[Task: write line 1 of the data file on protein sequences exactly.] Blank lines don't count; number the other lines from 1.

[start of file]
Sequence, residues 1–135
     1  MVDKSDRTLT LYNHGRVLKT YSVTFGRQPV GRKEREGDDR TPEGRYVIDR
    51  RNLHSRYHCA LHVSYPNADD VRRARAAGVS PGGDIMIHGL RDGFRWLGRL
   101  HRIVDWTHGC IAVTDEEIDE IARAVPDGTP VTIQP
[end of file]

Sequence, residues 1–135